Apparently womens' rape fantasies run the whole gamut, from women fantasizing about being overpowered by an attractive, passionate man (erotic fantasies), to women fantasizing about being forced violently by a man they are not attracted to (aversive fantasies).

It seems that early researchers liked the idea that rape fantasies are wish fulfillment, but nowadays this theory is not so popular (gee, I wonder why:eek:). In total there are 8 theories about why women would have rape fantasies, but none of them are conclusive.

I found this part of the article to be the most interesting:


Biological theory sets the stage by identifying ritualistic (http://www.thefreedictionary.com/ritualistic) displays of male dominance and female surrender as important parts of the courtship (http://medical-dictionary.thefreedictionary.com/courtship) ritual in many species. The display of male dominance may function as a way for females to assess genetic quality and the ability to protect.

Sympathetic activation provides the physiological basis for understanding how fantasies that generate feelings of fear and anger may enhance sexual arousal.

Adversary transformation suggests that in rape fantasies, the idea of rape, because of women's inherent fear of actual rape, functions as a powerful means for producing the danger and excitement that gives the fantasy sexual and emotional impact.

brainstorm77
11-20-2010, 05:10 PM
This has been one heck of a interesting thread. And while it's not story research for me, it got moved here from another section of AW, I think it shows how rape is looked at differently by many people.

Fulk
12-04-2010, 03:00 AM
If I beat someone with a bat, it doesn't make it a baseball game.

This line says it all. Well put.

To chime in, I don't believe rape is about sex either, and I think the research brought up here agrees. However, it does appear that rape is a statistically more frequent crime in sexually repressed countries. But I don't think this necessarily refutes rape as an act of violence rather than sexual desire--sexually repressive countries are exactly that, repressive. People will feel powerless and exert whatever dominance they have.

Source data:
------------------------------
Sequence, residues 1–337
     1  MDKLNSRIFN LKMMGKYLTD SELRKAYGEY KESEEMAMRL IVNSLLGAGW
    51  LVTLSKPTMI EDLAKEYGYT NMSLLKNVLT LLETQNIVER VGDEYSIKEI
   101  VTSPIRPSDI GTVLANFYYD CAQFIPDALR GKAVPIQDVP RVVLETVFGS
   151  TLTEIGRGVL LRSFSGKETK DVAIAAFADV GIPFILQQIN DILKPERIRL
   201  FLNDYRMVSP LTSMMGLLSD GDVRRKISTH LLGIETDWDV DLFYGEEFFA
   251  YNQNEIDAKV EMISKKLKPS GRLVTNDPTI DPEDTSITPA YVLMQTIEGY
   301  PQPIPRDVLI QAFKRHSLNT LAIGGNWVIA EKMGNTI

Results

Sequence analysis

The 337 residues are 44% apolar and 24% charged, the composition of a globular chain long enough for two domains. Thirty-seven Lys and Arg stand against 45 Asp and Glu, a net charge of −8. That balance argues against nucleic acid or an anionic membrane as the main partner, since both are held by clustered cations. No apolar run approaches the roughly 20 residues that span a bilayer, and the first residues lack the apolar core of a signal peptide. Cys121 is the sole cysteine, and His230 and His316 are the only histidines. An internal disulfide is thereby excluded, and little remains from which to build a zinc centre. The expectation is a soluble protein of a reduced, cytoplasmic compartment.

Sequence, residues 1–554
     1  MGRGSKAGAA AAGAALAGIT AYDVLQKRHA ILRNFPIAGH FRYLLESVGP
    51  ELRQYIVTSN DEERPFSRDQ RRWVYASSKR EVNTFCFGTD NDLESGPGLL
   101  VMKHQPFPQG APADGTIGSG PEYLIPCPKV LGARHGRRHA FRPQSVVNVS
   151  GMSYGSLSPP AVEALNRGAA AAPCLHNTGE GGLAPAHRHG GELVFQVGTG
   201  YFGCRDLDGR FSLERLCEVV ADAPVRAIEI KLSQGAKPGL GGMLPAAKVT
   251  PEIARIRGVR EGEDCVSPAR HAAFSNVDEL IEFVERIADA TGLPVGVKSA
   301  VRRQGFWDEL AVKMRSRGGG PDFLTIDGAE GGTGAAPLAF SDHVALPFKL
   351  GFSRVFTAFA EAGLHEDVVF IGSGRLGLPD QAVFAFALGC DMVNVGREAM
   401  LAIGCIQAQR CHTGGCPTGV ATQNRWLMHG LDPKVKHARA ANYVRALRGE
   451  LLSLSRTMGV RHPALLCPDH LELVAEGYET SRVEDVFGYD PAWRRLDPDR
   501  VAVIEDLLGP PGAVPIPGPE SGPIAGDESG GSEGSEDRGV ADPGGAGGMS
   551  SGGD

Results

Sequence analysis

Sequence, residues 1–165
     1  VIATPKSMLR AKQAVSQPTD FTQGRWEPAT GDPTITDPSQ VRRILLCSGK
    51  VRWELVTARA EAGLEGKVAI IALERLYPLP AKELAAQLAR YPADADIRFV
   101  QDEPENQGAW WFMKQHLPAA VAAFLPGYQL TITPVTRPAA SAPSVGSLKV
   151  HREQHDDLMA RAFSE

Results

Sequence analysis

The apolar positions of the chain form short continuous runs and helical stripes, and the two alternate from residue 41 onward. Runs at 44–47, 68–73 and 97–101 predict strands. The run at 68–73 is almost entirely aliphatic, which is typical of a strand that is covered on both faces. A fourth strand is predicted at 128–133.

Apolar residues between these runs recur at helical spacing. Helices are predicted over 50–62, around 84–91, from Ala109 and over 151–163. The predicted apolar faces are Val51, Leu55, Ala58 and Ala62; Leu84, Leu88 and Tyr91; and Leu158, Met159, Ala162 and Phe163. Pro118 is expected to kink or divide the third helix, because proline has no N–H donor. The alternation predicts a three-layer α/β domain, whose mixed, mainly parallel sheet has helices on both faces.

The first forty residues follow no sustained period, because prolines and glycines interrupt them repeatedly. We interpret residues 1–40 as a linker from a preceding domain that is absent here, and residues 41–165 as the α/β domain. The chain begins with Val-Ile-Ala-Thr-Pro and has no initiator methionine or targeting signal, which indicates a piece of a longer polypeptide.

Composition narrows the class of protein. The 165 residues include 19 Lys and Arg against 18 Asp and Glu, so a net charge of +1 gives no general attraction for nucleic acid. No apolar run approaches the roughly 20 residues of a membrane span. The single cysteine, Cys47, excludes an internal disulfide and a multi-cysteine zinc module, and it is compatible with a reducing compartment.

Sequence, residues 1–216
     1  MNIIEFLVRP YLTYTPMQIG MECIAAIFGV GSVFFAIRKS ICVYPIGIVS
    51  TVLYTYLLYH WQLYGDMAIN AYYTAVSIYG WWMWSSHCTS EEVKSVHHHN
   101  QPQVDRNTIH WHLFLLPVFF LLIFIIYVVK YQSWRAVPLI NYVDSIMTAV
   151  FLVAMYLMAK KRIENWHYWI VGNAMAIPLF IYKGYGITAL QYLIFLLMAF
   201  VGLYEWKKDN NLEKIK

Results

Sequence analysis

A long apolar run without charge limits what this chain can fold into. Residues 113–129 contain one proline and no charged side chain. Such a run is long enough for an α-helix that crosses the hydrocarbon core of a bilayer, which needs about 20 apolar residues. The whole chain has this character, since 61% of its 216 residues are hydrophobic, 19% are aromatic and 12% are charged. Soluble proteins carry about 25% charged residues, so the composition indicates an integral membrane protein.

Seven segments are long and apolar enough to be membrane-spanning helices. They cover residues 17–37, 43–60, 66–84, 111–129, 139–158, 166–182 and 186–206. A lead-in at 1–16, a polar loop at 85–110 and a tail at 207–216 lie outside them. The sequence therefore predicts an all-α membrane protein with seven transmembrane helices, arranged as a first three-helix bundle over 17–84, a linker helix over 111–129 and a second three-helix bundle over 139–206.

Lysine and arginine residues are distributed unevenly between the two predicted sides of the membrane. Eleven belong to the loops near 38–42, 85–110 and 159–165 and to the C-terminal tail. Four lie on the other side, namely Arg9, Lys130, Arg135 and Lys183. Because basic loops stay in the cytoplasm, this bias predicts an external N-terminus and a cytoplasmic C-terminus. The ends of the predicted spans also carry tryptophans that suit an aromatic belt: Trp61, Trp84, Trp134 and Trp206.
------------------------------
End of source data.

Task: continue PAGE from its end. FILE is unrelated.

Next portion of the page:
Xelebes
12-04-2010, 04:40 AM
The key to a rape fantasy is that the woman is A) attracted to the fellow and B) getting hurt in the right places. For example, in the fantasy or roleplay, certain rules might be to only hit the face or to only hit the arse and arms while insertion is to be ragged and torrential. The male participant, in a roleplay, would know beforehand the regions which are most arousing to his partner and apply most of the striking to these regions.

backslashbaby
12-04-2010, 04:58 AM
That is interesting.

Mine were probably because I date really, really nice guys. Like, polite, considerate guys (to their loved ones). There's a getting crazed and out of character aspect to it that's my thing. I like 'out of character' a lot as a theme in life, really, as long as it's a good thing. In a rape fantasy, it's what the girl wants, so it's by definition not like real-life rape, an obvious bad thing.

Orion11Bravo
12-13-2010, 07:19 PM
Rape may be about power, but I remember taking a Behavioral Psychology course and learning about another theory...

The evidence: most rapists know their victim, most rapists are "untouchables" (poor, ugly, socially awkward, etc), and most victims are left alive and relatively unscathed (please don't yell at me...I mean no permanent, physical injuries or death).

The hypothesis: rape is one method, albeit not the most effective, people use to procreate and pass on their genes, and is the method some will resort to when all other options dry up (see "untouchables").

I wish I could quote my text book, but that's long been traded for booze. The only other part of that chapter I remember were the other options to ensure your genes are passed on...have (consensual) sex with as many women as possible, with no intention of providing resources for the mothers or children (like little turtles on the beach...one of them has got to make it)...or have sex with one woman, and put all your resources into those few children, in hopes for quality over quantity.

According to this class, I remember, these are choices that we don't consciously make, but are rather ingrained into our DNA.

backslashbaby
12-14-2010, 01:00 AM